• Staying in for the long haul. While exporting holds great economic promise for most companies, months or even several years can pass before you see a significant return on your export investment.
  • Language and cultural differences. Familiarize yourself with the differences in language, culture and business practices so you don't inadvertently offend your potential customer and lose a sale.
  • Paperwork. There's no way around it, both Canadian and foreign governments require a lot of documentation from exporters of products and services.
  • Accessibility. You have to be easily available to your foreign clients.
  • Competition. You must be sure you're thoroughly familiar with the competition in your target market.

Source: Adapted with permission from the Forum for International Trade Training, (FITT) Going Global.

Finding help

The Canadian Trade Commissioner Service (TCS) provides resources and contact information to help businesses with export counselling, marketing strategy information, market-entry support, export financing and in-market support.

Find other resources on the subject of exporting at the Canada Business Network.

Exporting goods versus exporting services

Exporting goods and exporting services present quite different challenges. The former must deal with packaging, customs and physical delivery, for example, while the latter confronts issues such as work permits, credential validation, language and travel to and from the market. When exporting goods it is also important to remember that there is often a service component that should be anticipated (installation, training, service, warranty, etc.).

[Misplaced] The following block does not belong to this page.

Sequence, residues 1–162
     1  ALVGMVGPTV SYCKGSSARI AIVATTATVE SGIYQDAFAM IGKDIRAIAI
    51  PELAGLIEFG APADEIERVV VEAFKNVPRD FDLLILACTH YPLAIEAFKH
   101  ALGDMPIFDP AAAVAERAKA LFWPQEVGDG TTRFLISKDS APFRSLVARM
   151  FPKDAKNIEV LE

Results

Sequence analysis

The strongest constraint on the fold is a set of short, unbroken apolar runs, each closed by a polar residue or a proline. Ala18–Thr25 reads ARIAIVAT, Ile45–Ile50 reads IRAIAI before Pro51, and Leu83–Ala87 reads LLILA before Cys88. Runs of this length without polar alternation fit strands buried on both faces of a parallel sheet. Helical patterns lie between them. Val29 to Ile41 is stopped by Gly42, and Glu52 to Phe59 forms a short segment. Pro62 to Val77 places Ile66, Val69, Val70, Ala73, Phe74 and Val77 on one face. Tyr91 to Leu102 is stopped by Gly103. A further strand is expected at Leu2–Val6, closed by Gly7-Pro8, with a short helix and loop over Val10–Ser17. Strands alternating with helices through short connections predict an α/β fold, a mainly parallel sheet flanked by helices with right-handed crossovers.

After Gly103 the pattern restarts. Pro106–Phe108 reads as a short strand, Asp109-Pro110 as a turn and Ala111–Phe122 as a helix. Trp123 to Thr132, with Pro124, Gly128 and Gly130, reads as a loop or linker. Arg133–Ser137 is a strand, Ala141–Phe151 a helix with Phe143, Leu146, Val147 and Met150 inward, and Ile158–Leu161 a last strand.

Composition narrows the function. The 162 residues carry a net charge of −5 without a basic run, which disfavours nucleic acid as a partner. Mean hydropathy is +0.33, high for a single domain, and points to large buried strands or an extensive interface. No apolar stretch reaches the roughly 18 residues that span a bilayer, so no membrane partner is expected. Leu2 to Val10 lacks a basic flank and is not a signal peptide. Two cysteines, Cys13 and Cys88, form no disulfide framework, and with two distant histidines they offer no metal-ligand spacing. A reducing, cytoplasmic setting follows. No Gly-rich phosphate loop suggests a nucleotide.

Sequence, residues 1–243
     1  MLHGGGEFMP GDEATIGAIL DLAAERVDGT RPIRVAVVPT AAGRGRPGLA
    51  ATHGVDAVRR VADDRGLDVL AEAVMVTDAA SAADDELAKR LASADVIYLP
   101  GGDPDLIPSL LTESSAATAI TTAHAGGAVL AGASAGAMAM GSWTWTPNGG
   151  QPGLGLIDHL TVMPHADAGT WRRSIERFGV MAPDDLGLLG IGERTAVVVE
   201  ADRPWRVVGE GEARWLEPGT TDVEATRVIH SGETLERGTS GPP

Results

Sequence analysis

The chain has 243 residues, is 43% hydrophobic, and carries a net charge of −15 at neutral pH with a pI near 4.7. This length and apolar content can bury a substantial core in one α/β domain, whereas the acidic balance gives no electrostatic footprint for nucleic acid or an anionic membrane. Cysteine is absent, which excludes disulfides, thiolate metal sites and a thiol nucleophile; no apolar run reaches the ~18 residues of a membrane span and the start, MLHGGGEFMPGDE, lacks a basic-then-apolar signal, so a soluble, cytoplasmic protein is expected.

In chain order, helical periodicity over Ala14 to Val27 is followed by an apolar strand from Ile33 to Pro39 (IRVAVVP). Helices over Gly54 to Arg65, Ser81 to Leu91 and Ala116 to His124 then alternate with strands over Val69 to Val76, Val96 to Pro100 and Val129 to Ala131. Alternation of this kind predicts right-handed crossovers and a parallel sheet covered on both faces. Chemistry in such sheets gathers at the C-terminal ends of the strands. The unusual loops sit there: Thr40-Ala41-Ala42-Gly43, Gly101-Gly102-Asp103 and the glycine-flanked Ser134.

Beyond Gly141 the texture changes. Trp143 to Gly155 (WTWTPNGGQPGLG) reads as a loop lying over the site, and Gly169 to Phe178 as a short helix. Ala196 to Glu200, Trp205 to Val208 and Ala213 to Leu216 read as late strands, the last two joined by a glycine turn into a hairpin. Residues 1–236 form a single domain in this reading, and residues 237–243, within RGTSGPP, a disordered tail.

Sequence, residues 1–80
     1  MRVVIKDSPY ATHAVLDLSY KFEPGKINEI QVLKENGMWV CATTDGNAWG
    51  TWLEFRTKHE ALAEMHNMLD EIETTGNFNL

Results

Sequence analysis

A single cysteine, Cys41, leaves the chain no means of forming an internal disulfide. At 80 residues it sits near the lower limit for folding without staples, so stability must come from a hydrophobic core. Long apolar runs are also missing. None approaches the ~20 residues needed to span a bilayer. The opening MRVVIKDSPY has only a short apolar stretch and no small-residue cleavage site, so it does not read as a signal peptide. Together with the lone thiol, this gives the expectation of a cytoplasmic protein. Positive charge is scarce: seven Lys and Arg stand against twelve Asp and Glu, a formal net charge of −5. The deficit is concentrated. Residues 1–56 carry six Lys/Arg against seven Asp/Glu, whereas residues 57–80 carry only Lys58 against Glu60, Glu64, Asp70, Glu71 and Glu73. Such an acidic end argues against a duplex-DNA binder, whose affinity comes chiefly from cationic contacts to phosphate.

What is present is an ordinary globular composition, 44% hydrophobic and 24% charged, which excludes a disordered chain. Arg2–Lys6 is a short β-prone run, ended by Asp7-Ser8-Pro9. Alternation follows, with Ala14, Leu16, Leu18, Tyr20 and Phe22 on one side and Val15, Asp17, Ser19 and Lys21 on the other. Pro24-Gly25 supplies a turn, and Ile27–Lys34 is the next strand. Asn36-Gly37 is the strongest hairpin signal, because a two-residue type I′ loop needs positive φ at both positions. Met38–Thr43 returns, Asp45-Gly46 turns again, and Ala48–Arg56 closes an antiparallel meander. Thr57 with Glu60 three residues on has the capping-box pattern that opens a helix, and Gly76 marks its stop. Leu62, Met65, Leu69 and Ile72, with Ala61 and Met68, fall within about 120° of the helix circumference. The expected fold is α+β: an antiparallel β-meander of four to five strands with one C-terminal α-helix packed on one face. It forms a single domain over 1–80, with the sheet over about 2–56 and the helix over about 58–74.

Customer success story

Canadian businesses AND TCS working together - The TCS helped this small Moncton company to become the global leader in virtual remote sensing technology.

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1.2 Are you ready?

An export-ready business is one that has the capacity, resources and management to deliver a marketable product or service on a global scale at a competitive price. The trick is to determine whether this is true of your company—and if it isn't, how to make it happen.

Your first step is to think about the resources and knowledge your business already has. Consider the following as a starting point:

Your expectations. Do you have:

  • clear and achievable export objectives?
  • a realistic idea of what exporting entails and the timelines for results?
  • an openness to new ways of doing business?
  • an understanding of what is required to succeed in the international marketplace?

Human resource requirements. Do you have:

  • the capacity to handle the extra demand associated with exporting?
  • senior management committed to exporting?